- What is cyclosporine used for?
- Contraindications to the use of cyclosporine
- The effect of cyclosporine on the body
- When and with whom to be careful when using cyclosporine?
- How and when to take cyclosporine?
- Cyclosporine and pregnancy and breastfeeding
- Cyclosporine in the treatment of animals
- Cyclosporin side effects
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Cyclosporin is a cyclic 11 amino acid polypeptide produced by the fungus Tolypocladium inflatum. Cyclosporin is a potent drug that acts as an immunosuppressant (that is, it inhibits the production of antibodies and immune cells by various agents called immunosuppressants).
What is cyclosporine used for?
- prevention of transplant rejection
This applies to the majority of patients who have previously taken other immunosuppressive drugs, and for whom they have not fulfilled their role and are still at risk of transplant rejection. Ciclosporin prevents rejection of heart, kidney, liver, pancreas, small intestine, lung and skin allografts. Allogeneic means that it is a tissue or organ transplant from an individual of the same species.
- in "graft versus host" disease
Cyclosporine significantly weakens the "graft versus host" reaction after bone marrow transplantation - it is an undesirable physiological reaction taking place in the organism of the transplant recipient under the influence of antigen-foreign lymphocytes introduced from the donor. The graft versus host disease entity is usually very severe and can even lead to the death of the patient.
- with uveitis
This applies to the vision-threatening intermediate or posterior uveitis, especially when traditional treatments are ineffective, do not bring the desired effects or cause life or he alth-threatening side effects.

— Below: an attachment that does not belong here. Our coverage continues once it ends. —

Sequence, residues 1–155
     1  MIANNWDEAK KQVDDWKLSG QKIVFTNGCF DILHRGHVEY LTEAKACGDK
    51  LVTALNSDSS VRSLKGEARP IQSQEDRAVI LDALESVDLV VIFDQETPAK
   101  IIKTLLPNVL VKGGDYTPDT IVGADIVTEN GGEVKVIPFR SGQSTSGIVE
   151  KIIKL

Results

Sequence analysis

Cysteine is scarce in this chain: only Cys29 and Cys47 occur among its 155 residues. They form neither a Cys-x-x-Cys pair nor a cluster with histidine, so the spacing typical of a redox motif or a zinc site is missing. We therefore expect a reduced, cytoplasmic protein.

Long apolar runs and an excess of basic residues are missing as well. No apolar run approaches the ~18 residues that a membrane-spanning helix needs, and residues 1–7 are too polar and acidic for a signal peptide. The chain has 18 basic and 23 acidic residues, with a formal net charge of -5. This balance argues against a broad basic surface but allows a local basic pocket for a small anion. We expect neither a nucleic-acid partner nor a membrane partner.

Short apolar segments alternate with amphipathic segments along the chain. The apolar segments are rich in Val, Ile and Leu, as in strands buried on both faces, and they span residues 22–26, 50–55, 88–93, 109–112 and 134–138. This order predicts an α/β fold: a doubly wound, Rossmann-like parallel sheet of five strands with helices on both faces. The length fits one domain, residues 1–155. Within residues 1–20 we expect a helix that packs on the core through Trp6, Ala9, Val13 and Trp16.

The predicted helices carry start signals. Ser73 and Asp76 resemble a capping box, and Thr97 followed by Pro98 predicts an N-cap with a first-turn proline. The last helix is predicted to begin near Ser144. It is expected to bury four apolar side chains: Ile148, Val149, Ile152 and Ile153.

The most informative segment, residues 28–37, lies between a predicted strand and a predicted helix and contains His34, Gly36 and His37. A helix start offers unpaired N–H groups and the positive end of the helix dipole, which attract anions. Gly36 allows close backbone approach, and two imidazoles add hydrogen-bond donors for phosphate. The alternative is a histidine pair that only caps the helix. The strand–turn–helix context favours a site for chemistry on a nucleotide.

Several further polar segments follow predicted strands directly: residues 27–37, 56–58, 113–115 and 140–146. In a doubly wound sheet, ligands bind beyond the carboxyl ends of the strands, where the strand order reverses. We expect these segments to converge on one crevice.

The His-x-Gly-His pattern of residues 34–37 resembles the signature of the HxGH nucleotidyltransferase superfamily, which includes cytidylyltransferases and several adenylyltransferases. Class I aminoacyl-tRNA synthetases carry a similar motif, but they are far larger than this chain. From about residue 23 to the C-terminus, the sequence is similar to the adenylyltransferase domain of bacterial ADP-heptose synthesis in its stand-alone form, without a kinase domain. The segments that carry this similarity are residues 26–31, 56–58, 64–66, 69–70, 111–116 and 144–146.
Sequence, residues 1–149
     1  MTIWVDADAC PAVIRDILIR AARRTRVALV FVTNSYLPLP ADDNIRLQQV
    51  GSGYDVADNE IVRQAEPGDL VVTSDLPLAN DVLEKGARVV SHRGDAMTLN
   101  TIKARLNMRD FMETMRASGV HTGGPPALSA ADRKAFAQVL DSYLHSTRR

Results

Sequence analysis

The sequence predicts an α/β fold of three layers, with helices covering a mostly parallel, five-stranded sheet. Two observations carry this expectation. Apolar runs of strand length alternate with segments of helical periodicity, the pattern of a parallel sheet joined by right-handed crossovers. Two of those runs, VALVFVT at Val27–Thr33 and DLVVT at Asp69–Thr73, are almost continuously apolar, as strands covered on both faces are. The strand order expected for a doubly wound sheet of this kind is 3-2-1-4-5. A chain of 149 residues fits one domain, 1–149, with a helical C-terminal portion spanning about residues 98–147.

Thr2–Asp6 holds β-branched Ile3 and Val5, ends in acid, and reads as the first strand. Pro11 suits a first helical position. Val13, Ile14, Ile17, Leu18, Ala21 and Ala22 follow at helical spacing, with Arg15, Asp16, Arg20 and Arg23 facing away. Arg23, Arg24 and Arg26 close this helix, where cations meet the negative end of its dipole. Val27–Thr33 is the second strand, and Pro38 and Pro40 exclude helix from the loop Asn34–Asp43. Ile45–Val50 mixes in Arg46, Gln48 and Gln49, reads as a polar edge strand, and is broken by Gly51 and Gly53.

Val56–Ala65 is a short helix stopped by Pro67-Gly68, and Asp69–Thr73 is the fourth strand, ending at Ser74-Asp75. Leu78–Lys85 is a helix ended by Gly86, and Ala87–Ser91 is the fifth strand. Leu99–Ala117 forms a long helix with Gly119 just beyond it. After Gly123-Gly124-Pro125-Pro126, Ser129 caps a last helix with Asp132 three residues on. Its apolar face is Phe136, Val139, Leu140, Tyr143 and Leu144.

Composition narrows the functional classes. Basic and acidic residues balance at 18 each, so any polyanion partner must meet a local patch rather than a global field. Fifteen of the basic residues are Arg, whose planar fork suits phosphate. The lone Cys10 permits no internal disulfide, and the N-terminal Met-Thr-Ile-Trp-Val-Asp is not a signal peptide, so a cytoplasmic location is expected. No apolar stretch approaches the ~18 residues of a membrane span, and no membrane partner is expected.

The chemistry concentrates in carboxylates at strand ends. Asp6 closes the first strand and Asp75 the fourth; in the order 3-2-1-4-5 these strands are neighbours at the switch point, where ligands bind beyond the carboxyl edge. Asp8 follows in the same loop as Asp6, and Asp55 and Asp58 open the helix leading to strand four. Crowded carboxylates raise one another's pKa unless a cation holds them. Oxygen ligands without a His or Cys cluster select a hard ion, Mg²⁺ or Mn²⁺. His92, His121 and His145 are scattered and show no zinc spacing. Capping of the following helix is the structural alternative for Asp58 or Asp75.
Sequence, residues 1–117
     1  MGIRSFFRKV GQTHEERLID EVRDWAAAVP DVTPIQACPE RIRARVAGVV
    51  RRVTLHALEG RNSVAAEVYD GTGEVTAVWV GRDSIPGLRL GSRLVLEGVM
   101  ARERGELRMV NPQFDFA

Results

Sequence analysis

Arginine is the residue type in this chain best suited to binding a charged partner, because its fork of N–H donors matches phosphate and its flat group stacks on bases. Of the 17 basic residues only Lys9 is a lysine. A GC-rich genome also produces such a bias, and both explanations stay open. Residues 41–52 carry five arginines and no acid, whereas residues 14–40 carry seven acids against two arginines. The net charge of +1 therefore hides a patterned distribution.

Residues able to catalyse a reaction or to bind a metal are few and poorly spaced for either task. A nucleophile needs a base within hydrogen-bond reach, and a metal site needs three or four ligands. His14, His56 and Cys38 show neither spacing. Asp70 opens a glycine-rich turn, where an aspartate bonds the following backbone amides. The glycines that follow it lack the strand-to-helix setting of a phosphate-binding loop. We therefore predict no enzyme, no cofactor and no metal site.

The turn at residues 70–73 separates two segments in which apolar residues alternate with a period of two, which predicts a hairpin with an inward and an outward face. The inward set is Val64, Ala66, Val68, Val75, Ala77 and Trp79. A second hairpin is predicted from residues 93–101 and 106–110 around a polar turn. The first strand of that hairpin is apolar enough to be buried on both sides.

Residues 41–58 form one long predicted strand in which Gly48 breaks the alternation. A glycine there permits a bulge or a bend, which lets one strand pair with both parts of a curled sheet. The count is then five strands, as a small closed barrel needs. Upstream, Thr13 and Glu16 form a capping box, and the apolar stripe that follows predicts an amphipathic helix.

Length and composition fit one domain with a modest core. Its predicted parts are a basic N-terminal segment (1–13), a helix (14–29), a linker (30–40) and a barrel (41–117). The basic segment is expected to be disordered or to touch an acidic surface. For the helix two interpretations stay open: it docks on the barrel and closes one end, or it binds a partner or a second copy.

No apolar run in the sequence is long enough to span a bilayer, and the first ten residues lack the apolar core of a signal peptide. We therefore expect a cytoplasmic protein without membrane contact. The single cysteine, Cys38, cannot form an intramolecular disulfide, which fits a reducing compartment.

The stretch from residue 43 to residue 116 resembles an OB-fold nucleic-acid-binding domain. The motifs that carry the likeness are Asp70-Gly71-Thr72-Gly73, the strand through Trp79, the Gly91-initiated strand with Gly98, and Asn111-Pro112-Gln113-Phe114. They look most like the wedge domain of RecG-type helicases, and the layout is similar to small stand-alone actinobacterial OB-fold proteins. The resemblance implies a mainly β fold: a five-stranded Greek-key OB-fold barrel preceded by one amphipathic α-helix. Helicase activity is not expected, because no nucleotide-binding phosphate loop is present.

- inflamed cornea
and precisely in the local treatment of severe keratitis in adults with dry eye syndrome, who did not improve despite the use of preparations designed to moisturize the eye, the so-called artificial tears.
- in the treatment of nephrotic syndrome
- with rheumatoid arthritis
- to treat psoriasis
- with atopic dermatitis
Immunosuppressive drugs are administered in the treatment of many autoimmune diseases. In their course, the immune system attacks its own cells and tissues (treats them as an enemy), which results in permanent damage.
Drugs inhibit the response of the systemimmune system, thanks to which they extend the periods of disease remission and alleviate symptoms in order to increase the patient's quality of life.
They are most often used in the aforementioned rheumatoid arthritis, psoriasis, but also in diseases such as
- ulcerative enteritis
- Crohn's disease
Contraindications to the use of cyclosporine
Like every drug, cyclosporine cannot always be used despite its indications.
The main contraindication is hypersensitivity to the active substance or any of the ingredients.
In addition, it should also be remembered that cyclosporine affects the entire body of the patient and it is not always beneficial for him. Therefore, before starting therapy, especially when the body is weakened, a thorough interview and research should be conducted.
The effect of cyclosporine on the body
Cyclosporine, like other immunosuppressive drugs, unfortunately increases the risk of developing lymphomas and other malignancies, mainly skin cancers. Due to the potential risk of skin malignancies, patients treated with cyclosporine should avoid excessive exposure to sunlight and should not be exposed to UVB radiation or photochemotherapy.